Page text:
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Stories From Main Street: White Plains, NY

WHITE PLAINS, NY (WCBS 880) - They speak with their hands, but the message comes from the heart, and they want it heard loud and clear in Albany.

WCBS 880's Sean Adams reports


The only voice you will hear is that of a sign language interpreter.

The New York School for the Deaf in White Plains is nearly 200-years-old. Founded in 1817, it is the second oldest institution of its kind in the country.

LINK: New York School for the Deaf (Official Site)

The first thing you notice at the institution, also known as Fanwood, is that everyone seems to be smiling.

Executive director Janet Dickinson is gravely concerned about the proposed state budget, which would shift the funding responsibility from the state to local school districts.

"This is a huge, huge risk that's being presented," says Dickinson. "I think the school districts will feel torn. We have so many school districts who send their children here and know the value of this school for their children, but at the same time, if there is no money in the budget, there is no money in the budget then... Some would not be able to send their children here."

Stories from Main Street
Stories from Main Street - Photo: Evan Bindelglass / WCBS 880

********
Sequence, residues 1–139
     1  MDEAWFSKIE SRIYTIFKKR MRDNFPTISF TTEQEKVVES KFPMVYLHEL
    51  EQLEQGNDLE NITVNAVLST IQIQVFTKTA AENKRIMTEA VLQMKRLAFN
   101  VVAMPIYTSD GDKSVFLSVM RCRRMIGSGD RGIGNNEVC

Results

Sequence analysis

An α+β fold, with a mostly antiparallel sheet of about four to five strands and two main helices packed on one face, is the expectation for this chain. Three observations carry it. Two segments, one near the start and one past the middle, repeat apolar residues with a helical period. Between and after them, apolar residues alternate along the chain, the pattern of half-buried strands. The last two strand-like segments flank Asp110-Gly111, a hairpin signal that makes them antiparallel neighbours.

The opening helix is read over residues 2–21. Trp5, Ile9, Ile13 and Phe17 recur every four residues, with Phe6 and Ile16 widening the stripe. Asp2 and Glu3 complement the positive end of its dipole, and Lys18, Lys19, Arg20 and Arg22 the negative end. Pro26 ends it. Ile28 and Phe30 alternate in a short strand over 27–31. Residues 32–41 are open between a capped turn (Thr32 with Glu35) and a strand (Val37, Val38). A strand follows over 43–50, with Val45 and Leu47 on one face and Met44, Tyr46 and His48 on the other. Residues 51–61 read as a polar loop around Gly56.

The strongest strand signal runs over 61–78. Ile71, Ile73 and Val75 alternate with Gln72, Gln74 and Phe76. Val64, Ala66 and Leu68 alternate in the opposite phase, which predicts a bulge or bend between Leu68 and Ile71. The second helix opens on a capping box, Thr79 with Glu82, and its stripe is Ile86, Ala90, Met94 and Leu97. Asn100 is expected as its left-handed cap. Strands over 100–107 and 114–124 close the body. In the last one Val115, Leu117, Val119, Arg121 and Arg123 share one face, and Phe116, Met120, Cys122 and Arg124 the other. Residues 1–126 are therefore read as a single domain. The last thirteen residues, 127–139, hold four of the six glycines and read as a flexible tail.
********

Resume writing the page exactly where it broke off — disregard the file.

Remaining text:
RELATED: More Stories from Main Street

Students understand the state is in a fiscal pickle. They just want the chance to let the governor and lawmakers know what this school means to them.

"It's a wonderful, amazing place and it has changed me so dramatically in just two years," says 19-year-old Kaleb Moran. "I understand the teachers better, compared to where I was in the public schools. I had such a hard time. I couldn't participate. I couldn't be a leader there, but here, at this school, I can be involved and a leader."

"At the School for the Deaf, it's really the best for me. I can do everything. It's just the best," says 15-year-old Juan Sosa. "I enjoy my work in the classroom the most and sports, might I add, and socializing with my deaf friends."

"Going to public school, I feel like people see me as limited, but then when you come to a school for the deaf you feel equal," says 15-year-old Tatiana Carvahall. "I feel, here, that my future is unlimited."

"Yes. I want to tell the governor to keep our schools, keep them running, and make that investment," says 16-year-old Kayla Deegan say. "I feel like this is my second home."

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